Is My Mommy Too Old?

January 8th, 2009 by Kathy McManus

A 70-year-old new mom ignites a debate over the ethics of giving birth later in life.

Brought to you by Liberty Mutual's
The Responsibility Project

There’s been an abundance of odd headlines lately, fading even before their 15 minutes, like Police flush man from bathroom ceiling, and Woman smuggles monkey to U.S. under blouse.

But one such headline refuses to go away: Indian woman, 70, gives birth to first child after IVF treatment.

Part oddity, part odyssey, the story of septuagenarian first-time mother Rajo Devi has reverberated around the world, sparking a fierce debate about whether giving birth late in life is responsible.

For 50 years of marriage, Devi tried unsuccessfully to have a child. Her husband, now 72, even married Devi’s sister in an effort to produce a child—an acceptable practice in their region of India. But the sister did not become pregnant either. News reports said the couple endured great cultural shame because of their inability to have children.

So with the help of a fertility specialist, a donor egg, and her husband’s sperm, 70-year-old Devi became pregnant and delivered a baby daughter. “We longed for a child all these years,” she said, “and now we are very happy to have one.”

But not all the world shared the couple’s joy. From India to Ireland, Australia to America, people reacted to the same critical questions, summed up by a newspaper columnist: “Where does the yearning to be a parent become selfish disregard for the life of the child being created? A child whose parents will almost definitely not see her into adulthood? How old is too old to have a baby?”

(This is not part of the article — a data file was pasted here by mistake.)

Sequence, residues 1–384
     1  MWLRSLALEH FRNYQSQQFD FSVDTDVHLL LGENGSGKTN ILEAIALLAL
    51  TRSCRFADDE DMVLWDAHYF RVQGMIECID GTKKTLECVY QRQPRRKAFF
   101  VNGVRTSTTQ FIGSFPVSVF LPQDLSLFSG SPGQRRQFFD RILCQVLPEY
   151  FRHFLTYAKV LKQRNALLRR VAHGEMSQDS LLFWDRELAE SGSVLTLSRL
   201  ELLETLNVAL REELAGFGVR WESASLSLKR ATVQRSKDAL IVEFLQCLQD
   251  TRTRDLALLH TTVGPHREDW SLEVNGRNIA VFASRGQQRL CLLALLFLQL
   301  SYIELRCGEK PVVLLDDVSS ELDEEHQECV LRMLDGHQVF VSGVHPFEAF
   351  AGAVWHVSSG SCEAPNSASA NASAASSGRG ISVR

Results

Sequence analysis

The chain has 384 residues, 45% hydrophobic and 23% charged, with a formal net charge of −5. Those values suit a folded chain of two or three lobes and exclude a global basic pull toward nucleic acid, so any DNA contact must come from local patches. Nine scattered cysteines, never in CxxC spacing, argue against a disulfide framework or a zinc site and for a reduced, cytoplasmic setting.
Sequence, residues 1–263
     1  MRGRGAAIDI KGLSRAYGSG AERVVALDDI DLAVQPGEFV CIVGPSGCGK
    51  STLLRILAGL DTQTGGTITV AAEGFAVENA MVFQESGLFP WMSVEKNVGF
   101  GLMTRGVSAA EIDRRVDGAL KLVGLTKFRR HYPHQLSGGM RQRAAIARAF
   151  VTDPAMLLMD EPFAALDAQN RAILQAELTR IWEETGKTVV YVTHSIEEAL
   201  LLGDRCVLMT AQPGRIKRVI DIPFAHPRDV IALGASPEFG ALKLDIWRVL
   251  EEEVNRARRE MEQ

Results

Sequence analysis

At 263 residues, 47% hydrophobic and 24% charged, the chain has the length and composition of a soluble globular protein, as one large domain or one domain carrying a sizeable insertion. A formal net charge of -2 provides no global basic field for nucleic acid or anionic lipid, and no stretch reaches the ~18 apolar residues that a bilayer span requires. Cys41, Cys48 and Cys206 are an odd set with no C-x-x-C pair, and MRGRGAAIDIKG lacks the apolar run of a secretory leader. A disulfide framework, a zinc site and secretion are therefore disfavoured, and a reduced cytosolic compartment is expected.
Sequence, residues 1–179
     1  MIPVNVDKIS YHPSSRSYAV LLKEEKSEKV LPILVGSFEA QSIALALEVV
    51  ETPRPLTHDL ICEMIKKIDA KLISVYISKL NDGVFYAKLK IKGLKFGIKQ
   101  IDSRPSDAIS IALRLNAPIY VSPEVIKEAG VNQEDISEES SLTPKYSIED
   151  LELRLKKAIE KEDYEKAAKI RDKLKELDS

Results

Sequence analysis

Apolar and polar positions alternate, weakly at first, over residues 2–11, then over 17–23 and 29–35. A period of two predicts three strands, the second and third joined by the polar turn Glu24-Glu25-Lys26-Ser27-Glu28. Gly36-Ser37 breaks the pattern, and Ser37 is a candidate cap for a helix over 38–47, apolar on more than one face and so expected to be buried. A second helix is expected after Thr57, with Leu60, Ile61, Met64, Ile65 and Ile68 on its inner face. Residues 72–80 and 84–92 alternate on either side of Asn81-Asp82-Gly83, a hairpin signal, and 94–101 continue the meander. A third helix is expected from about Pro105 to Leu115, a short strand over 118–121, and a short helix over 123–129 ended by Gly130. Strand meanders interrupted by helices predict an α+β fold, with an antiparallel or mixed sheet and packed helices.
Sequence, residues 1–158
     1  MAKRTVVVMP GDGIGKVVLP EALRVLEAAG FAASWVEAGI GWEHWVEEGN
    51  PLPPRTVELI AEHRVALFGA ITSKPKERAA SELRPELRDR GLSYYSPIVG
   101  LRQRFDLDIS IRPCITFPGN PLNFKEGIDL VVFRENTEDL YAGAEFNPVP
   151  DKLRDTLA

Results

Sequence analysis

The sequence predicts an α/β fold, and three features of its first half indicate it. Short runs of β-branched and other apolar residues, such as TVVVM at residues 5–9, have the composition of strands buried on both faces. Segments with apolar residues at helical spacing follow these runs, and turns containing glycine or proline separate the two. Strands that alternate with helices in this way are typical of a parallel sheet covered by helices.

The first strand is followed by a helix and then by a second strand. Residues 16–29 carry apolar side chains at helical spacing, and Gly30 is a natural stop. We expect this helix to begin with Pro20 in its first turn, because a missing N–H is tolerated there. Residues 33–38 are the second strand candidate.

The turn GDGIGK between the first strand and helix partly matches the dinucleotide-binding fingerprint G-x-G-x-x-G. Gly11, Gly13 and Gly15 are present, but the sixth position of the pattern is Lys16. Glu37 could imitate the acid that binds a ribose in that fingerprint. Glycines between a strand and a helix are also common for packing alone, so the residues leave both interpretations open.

Absurd. Appalling. Selfish. Many readers offered the same objections. “Wow, she will most likely be dead before the child’s 10th birthday,” one wrote. “What a terrible thing to do to a child, to insure that they will live most of their life without a parent.” While some quoted news reports that the baby had a large extended family to help, others countered: “Do you know a child who has lost their mother before their 12th birthday? Go try saying to them, ‘Oh well, at least you’ve got an extended family’ and see what reaction you’ll get. No one can ever replace your mother.”

Some readers were less disapproving: “Who knows, having the wisdom of being 70 and raising a child might be one of the best things for that kid.” Another questioned, “Who are we to judge? Just because a mother has a baby at 20 does not guarantee she will see the baby into adulthood. Sometimes having a parent who really wanted a baby is far more valuable.”

Still others took issue with the doctors’ role: “Surely the physicians who treated Rajo Devi were equally responsible for this moral quandary? Who are they to help ‘create’ a child condemned to a parentless life?”

Tell us what you think: Did Rajo Devi act responsibly or irresponsibly in giving birth at age 70? When personal dreams collide with personal responsibility, which should take precedence?